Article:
They have reproduced in the lab how the ingredients for life could have formed deep in the ocean 4 billion years ago. The results of the new study offer clues to how life started on Earth and where else in the cosmos we might find it.
Scientists discover black smoker chimneys on the second ROV dive at the Mata Ua volcano at a depth of 2,100 meters. Video courtesy of MARUM, University of Bremen and NOAA-Pacific Marine Environmental Laboratory.
Astrobiologist Laurie Barge and her team at NASA’s Jet Propulsion Laboratory in Pasadena, California, are working to recognize life on other planets by studying the origins of life here on Earth. Their research focuses on how the building blocks of life form in hydrothermal vents on the ocean floor.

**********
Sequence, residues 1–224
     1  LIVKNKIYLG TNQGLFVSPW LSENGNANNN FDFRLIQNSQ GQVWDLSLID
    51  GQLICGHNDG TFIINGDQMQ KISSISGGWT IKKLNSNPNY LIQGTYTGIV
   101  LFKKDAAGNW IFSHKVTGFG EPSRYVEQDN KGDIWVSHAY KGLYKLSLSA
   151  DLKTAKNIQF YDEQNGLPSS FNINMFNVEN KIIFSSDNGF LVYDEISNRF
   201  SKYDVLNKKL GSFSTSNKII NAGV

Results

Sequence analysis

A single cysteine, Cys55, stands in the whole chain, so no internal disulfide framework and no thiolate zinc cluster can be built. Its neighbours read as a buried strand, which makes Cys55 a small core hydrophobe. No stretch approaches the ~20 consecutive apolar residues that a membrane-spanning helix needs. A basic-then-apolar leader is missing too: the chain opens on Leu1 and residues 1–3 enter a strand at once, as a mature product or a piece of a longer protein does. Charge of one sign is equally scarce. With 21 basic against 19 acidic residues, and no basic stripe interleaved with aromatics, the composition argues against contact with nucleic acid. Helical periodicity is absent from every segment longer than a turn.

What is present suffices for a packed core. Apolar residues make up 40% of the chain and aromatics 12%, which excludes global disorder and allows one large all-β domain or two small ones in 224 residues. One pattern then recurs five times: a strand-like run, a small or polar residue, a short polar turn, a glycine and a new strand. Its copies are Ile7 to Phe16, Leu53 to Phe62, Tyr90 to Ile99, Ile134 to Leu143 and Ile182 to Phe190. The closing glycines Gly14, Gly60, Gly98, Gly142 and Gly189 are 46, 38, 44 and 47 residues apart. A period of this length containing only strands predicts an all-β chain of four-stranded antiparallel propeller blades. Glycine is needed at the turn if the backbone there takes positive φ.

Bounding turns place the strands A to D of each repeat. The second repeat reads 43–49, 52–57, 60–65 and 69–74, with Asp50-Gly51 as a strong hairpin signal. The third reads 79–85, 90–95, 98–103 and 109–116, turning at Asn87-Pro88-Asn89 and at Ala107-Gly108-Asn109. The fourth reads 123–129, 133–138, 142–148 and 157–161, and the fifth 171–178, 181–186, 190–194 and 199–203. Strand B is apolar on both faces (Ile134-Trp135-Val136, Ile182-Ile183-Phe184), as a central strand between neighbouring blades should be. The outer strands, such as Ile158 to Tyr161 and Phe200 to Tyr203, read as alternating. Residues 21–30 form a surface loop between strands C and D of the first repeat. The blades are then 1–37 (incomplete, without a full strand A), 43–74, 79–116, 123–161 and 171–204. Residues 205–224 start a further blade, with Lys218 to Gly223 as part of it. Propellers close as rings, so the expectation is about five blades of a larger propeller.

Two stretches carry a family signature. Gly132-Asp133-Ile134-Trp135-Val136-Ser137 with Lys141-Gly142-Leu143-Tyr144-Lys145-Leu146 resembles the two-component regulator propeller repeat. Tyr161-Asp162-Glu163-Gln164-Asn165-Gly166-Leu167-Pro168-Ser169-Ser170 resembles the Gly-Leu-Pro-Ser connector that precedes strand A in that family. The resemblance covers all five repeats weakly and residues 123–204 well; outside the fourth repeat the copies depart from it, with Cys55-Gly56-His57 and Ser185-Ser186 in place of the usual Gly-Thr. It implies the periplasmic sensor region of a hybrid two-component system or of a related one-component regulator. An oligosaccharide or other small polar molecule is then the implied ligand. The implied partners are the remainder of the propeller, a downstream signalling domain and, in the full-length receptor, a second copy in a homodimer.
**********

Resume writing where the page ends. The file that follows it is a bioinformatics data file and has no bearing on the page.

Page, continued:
To re-create hydrothermal vents in the lab, the team made their own miniature seafloors by filling beakers with mixtures that mimic Earth’s primordial ocean. These lab-based oceans act as nurseries for amino acids, organic compounds that are essential for life as we know it. Like Lego blocks, amino acids build on one another to form proteins, which make up all living things.
Laurie Barge, the lead investigator and the first author on the new study, published in the journal Proceedings of the National Academy of Sciences, said:
“Understanding how far you can go with just organics and minerals before you have an actual cell is really important for understanding what types of environments life could emerge from. Also, investigating how things ike the atmosphere, the ocean and the minerals in the vents all impact this can help you understand how likely this is to have occurred on another planet.”